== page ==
I know of no better way to capture the quirky charm of Mazatlan than this list of fun facts I assembled while visiting, in no particular order:
Mazatlan is known as the Pearl of the Pacific not because of the gemstone but because of the friendliness of its people and the beauty of its beaches.
Mazatlan’s many cultural activities center around the Angela Peralta Theater. Originally built in 1874 and restored a decade ago, the teatro was named after Angela Peralta, an internationally famous Mexican opera singer who had the fortune (or misfortune) to die in Mazatlan while on tour in 1883. A real beauty, the opera house is located just off the Plaza Machado in the historic district.
Mazatlan’s Malecon, the beachfront sidewalk along Avenue del Mar where people stroll night and day, is, at four miles long, the longest in Mexico. It connects the Zona Dorado (Golden Zone) where most of the hotels and resorts are located with Old Mazatlan, home of the historic center and the Olas Altas (High Waves) hotels and beaches.
Mazatlan’s light house, called El Faro, is the second highest in the world (after Gibraltar), the perfect vantage point to see the three islands called Bird, Deer and Goat. Built in 1879 at the peak of Cerro del Creston, El Faro casts a beacon visible for 30 nautical miles. Those looking to exercise can challenge themselves by hiking the winding road up 523 feet above high tide to the lighthouse.
Mazatlan means place of the deer in Nahuatl, the language of indigenous people who pre-date the town’s founding in 1531.
The Mazatlan Deer is the local baseball team, part of the Pacific League and home to many American professionals during the off-season.
German immigrants began coming to Mazatlan in the mid 19th century. They brought with them the polka, which the Mexicans translated into the hugely popular banda music heard all over Mazatlan and the rest of Mexico. In the village of Puerta de Canoas churros (Mexican cowboys) have taught their horses to dance to banda music.
The German immigrants also established the Pacifico brewery. When I was served a Pacifico at a local restaurant, I was given what looked like a miniature bottle. I soon learned the reason for the small bottle – it ensures that the drinker’s beer is always ice-cold.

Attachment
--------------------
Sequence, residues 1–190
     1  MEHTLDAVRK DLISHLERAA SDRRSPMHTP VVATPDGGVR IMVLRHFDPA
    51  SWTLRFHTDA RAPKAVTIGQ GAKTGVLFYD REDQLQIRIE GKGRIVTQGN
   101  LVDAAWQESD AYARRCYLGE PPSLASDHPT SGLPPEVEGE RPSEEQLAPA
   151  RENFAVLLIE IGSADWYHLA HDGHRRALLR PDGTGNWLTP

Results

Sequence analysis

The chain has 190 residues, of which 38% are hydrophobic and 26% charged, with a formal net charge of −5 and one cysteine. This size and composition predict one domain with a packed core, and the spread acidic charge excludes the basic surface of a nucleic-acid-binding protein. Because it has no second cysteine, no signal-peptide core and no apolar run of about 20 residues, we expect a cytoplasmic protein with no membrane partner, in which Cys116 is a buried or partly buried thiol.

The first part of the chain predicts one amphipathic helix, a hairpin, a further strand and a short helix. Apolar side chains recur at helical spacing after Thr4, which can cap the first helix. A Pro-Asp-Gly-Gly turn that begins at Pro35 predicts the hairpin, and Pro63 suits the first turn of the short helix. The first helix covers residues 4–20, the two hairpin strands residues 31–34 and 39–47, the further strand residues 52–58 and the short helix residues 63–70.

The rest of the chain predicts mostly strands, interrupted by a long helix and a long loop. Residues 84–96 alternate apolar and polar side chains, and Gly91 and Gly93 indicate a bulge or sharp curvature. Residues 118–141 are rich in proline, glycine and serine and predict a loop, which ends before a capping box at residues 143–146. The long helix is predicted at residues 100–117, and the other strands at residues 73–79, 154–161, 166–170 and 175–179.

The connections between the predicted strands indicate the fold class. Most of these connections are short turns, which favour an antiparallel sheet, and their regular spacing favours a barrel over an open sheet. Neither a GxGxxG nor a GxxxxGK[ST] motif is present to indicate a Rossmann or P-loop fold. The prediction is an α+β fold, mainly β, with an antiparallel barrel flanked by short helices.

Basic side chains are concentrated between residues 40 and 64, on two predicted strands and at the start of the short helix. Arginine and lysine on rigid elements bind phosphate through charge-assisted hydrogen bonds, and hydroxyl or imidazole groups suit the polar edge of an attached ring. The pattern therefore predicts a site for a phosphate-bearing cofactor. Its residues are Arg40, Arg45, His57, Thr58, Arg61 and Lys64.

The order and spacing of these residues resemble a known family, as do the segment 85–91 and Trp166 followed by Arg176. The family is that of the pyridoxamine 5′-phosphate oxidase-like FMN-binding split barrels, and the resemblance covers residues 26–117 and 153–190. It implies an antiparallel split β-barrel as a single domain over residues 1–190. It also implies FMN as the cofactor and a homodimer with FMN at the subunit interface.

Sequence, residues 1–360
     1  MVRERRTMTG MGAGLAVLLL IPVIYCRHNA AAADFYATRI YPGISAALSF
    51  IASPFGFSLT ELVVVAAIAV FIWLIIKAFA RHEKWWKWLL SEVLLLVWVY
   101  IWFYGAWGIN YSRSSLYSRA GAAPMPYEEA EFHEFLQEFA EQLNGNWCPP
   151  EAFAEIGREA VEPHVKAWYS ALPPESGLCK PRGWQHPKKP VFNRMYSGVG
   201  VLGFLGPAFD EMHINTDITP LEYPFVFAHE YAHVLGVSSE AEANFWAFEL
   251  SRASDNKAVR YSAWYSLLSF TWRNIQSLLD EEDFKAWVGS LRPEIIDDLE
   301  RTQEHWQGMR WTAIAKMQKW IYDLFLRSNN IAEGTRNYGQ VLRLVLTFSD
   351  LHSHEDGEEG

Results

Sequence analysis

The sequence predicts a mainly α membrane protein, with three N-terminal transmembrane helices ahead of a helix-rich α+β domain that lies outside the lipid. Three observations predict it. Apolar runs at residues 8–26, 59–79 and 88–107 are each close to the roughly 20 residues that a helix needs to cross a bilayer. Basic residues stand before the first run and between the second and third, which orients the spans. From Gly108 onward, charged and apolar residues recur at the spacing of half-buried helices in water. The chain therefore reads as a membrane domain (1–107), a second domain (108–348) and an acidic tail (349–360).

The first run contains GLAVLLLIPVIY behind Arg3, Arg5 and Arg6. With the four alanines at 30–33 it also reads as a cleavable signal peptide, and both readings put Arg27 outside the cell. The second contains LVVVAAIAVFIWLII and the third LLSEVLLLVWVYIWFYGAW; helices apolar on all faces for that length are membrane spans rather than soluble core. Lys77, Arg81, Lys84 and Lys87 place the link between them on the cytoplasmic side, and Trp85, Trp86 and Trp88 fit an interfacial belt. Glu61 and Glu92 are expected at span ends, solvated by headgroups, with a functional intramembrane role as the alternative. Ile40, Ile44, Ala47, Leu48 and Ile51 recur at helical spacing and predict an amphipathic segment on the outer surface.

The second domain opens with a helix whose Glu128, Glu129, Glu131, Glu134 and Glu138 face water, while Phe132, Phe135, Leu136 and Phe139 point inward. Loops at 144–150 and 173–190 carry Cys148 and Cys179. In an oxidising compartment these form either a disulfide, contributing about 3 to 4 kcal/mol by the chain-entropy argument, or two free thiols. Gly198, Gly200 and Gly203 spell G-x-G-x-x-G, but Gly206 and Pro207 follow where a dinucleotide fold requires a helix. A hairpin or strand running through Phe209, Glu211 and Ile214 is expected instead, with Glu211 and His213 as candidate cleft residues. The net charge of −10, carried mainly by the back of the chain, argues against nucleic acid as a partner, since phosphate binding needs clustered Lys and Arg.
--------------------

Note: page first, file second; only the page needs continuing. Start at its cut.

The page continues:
Mazatlan has the distinction of having made the world’s largest shrimp cocktail, a tribute to the deliciousness of the local shrimp on which much of the city’s cuisine is based and for which the city is famous.
While driving from the Malecon to El Faro, you will see Cueva del Diablo, the Devil’s Cave. Originally used as a pirates’ hideaway, the cave was repurposed as Mazatlan’s refrigerator during the time when ice was imported from San Francisco, thus earning the hill surrounding the cave the name “Icebox Hill”. The Devil’s Cave is now gated to keep the curious from getting lost or injured.
The license plates for the state of Sinaloa feature a tomato, a tribute to the fact that the state leads Mexico in growing tomatoes. Important, too, because of all the great salsa you’ll get in Mazatlan.
People in and around Mazatlan love playing billiards. In the dusty small towns outside the city, you can see pool tables under thatched roofs like the one I found in the village of Puerta de Canoas, conveniently located next to the local Catholic Church.
Wherever I went in Mazatlan, I saw what looked like golf carts transporting people. These unique taxis are called pulmonias, literally pneumonia, because of the superstition that one can catch a cold from being in the open air. The pulmonias’ larger cousin, a flat-bed truck outfitted with benches, is called a bronquitis – bronchitis.
Mazatlan, a city of 400,000+, boasts the largest port between the United States and the Panama Canal.
Try as I might, I have been unable to find the exact number of Senor Frog souvenir shops in Mazatlan. It seems to me that there was one on every block, every one vying for the tourist dollar.
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